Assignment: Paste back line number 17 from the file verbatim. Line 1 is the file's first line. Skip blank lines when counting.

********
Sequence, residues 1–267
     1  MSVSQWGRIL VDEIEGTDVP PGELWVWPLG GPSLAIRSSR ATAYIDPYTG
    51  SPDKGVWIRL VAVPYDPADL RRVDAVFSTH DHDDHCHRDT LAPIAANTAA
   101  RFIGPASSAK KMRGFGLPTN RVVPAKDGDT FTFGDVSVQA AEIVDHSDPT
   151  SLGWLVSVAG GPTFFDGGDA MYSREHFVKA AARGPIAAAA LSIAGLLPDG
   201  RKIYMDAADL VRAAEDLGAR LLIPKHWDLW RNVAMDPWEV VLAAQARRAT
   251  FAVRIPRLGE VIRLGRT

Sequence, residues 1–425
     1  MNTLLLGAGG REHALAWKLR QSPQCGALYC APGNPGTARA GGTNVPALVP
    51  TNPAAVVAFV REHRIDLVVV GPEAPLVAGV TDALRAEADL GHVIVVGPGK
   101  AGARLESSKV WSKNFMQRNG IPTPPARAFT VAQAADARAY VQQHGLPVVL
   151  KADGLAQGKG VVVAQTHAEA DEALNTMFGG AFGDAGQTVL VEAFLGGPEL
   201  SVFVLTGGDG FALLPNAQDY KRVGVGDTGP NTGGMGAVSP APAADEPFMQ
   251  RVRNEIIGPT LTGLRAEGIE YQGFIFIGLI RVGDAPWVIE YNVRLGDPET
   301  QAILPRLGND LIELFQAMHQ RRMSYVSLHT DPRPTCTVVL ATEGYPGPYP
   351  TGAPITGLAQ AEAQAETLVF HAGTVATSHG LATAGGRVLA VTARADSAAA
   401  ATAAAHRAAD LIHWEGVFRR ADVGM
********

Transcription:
   401  ATAAAHRAAD LIHWEGVFRR ADVGM